Only a few Jewish painters are known from 17th- and 18th-century Amsterdam. In 1637, Samuel d’Orta, ‘Portuguese painter’, bought an etching plate depicting Abraham’s repudiation of Hagar and Ishmael from Rembrandt. D’Orta bought it on condition that Rembrandt himself would not sell any more prints of it. In 1639, Abraham Mendes from Amsterdam was active, but no work by either man is known. Rembrandt’s friend and rival Jan Lievens had two Portuguese-Jewish pupils, Aron de Chavez and Jacob Cardoso Ribero, in 1669. De Chavez left for London in 1674, where he made a painting of Moses and Aaron and the Ten Commandments in 1675. It hung above the ark in the first Portuguese synagogue in that city on Creechurch Lane and is now in the 1701 Bevis Marks synagogue. In the late 17th century the Jacob Carpi arrived from Vernona. Jacob Carpi was active as painter in Amsterdam in the first half of the 18th century.
The Carpi family settled in Amsterdam in the late 17th century. Pater familias was Salomon Carpi. He had at least six children: Abraham, David, Moses, Belitje (Bella), Jacob and Colomba. Colomba married Moses Giron, a bookkeeper on Weesperstraat, in 1694, and Belitje married tobacco buyer Aaron Marsilie in 1698. Both men were from Padua in Italy, close to Venice. Carpi is a town in the province of Modena; Belitje and Colomba’s marriage announcements state that they were ‘from Verona’. No marriage is known of Solomon’s sons. Moses Carpi engaged in trade in precious fabrics and Jacob (also called Jacob da Carpi) was apprenticed to the Dordrecht portrait painter Arnold Boonen, who settled in Amsterdam around the same time. There he probably met young talents like Cornelis Troost and Jacob de Wit, who would later make a name for themselves in Amsterdam. Both would portray Jacob Carpi.
In the Rijksmuseum collection is a beautiful chalk drawing by De Wit of Carpi in the prime of his life, possibly drawn around 1720, and a print by Elisabeth van Woensel after a painting by Cornelis Troost from 1743, showing Carpi sitting on a chair with a pipe in his hand. That painting has been lost, or ended up in an unknown collection. Carpi would continue to call himself a ‘konstschilder’ (art painter) throughout his life, but no works by him are known. A posthumous drawing by Cornelis van Noorde mentions that he painted ‘Pourtraiten, Historien, etc.’, and was a great connoisseur and lover ‘of Papierkonst and Painting’.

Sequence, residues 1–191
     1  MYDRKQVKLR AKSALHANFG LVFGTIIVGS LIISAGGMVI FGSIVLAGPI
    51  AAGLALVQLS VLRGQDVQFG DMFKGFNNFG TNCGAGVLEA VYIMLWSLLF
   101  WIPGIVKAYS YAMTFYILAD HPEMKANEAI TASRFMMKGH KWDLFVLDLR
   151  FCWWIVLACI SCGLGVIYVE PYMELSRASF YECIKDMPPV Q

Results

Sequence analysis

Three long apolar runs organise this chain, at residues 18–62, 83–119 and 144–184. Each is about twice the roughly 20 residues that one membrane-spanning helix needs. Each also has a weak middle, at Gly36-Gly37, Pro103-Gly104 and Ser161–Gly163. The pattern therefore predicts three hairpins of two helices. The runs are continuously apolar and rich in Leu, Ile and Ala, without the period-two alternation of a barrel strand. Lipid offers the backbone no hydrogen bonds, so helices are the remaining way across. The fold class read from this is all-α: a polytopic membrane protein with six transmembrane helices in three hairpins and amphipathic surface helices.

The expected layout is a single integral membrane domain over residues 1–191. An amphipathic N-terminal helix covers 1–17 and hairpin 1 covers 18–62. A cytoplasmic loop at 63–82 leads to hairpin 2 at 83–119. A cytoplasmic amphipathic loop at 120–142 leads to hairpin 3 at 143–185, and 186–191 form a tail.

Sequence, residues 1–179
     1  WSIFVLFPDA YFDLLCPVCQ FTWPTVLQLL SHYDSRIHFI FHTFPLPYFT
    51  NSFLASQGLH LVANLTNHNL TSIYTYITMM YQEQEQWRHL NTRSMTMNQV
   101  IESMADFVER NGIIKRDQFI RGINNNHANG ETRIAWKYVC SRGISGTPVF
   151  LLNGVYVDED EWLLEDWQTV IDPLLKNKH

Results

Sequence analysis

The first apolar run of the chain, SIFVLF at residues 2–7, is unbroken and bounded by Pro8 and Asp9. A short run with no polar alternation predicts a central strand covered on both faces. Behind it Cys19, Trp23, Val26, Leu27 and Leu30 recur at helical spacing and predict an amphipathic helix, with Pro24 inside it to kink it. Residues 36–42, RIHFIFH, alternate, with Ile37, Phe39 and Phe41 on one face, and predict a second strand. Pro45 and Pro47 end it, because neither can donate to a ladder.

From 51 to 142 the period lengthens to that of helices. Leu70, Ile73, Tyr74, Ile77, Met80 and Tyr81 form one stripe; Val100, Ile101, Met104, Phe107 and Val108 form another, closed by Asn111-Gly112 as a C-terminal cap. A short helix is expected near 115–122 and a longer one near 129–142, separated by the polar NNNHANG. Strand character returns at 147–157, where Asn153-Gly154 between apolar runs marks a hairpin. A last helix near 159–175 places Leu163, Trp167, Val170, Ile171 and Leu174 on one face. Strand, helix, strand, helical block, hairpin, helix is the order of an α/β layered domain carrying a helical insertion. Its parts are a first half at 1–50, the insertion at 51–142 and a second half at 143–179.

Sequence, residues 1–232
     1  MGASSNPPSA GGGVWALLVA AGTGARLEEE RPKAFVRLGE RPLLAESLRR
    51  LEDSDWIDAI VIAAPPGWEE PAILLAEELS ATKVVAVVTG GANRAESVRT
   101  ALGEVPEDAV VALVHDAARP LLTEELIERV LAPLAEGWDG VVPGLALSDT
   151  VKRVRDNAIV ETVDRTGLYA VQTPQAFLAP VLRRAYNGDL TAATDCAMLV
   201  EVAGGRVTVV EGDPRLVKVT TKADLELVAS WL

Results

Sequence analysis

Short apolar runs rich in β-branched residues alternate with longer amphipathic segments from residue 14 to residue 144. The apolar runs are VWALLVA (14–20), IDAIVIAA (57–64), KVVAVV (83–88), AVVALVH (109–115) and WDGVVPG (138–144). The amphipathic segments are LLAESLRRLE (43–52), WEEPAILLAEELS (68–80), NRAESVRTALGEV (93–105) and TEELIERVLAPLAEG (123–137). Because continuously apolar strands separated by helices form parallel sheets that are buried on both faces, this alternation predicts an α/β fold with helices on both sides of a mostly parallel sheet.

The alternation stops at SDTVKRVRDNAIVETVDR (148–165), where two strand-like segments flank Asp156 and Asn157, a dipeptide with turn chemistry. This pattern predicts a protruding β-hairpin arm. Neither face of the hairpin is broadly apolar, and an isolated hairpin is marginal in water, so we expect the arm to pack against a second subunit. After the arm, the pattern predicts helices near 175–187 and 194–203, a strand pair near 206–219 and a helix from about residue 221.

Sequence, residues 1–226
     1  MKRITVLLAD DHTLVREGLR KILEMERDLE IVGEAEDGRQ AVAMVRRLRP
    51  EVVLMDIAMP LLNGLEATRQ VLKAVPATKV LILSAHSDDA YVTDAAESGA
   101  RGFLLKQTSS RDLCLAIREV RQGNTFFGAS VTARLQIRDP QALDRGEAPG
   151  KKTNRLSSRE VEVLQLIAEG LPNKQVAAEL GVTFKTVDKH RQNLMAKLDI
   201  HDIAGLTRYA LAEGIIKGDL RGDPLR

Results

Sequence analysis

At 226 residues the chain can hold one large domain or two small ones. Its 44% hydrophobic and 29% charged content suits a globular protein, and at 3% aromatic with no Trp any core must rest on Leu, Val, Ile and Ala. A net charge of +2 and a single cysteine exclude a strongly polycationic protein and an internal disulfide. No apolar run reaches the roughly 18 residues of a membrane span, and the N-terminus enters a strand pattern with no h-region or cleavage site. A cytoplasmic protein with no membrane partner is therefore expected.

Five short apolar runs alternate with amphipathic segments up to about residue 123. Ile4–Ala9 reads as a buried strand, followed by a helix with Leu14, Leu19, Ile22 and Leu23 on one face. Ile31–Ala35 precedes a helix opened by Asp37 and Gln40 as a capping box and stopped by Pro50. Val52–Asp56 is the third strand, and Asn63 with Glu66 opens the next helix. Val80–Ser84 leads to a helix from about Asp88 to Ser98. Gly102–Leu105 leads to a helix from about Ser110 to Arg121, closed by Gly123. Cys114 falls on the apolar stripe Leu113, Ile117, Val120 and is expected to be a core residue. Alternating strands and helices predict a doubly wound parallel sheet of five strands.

As time went on, he concentrated on trading paintings, especially Italian and Flemish masters. Anyone browsing through Amsterdam newspapers of the 18th century regularly comes across a sale by Carpi. On 7 April 1734, the Oudezijds Heerenlogement auctioned ‘a cabinet of paintings, all of the first kind, among which is the renowned ‘Osse-Drift’ by Poulus Potter’, a painting possibly lost in the bombing of Dresden.
In 1737, Carpi valued the paintings in the estate of Maria Agnes Barbou, widow of Joan Occo. In her home at 584 Herengracht, he saw several works by Italian masters such as Raphael, Veronese, Titan and Michelangelo. The most expensive painting was The Adoring Dry Queen by Casper Crayer, estimated at 400 guilders. Carpi also found a ‘Leander’ by Rembrandt there – value 63 guilders, a painting not otherwise described anywhere. It is known that Rembrandt bought a Hero and Leander by Rubens in 1637 and sold it for a profit ten years later. It is possible that he himself made a painting with the same theme.
Financially, Carpi fared well. In 1746, this first generation migrant in Amsterdam bought a house and garden in the Nieuwe Plantage, behind the hortus, at auction for 1500 guilders. Here he not only took up residence and housed his own collection, but also held auctions and art sales. For instance, Carpi advertised in the Amsterdamsche Courant of 24 October 1750 that he had ‘uyt de hand’ all the prints for sale ‘by Raphaël d’Urbino, by Markantoio and Vensesiani’.
Physically, however, the painter suffered. This is evident from the signatures on several notarial deeds he signed in the last years of his life. When he drew up his will in 1746, he still had a reasonably steady hand, although it was already a lot less convincing that a decade earlier. In 1750, he drew up a new will ‘being somewhat unwell’. It is poignant to see that he apparently could no longer keep his hands still then. Two years later, the handwriting had deteriorated considerably. Was it arthritis? Or could he have had Parkinson’s disease?
Also in the last phase of his life, Carpi was drawn by Jacob de Wit, as an old frail man walking with a cane, supported by a woman. That will have been his housekeeper Bartha Holmer, whose name we know thanks to the 1750 will. Jacob Carpi was ten years apart from his colleague De Wit; they died shortly after each other. Jacob de Wit was buried in the Oude Kerk (Old Church) on 19 November 1754, aged 59; Jacob Carpi died two and a half months later at the age of 70. On 3 February 1755, he was buried at Beth Haim in Ouderkerk aan de Amstel.
Translation of: Mark Ponte, ‘Jacob Carpi, joodse kunstschilder in de 18de eeuw‘, Ons Amsterdam, 1 maart 2023.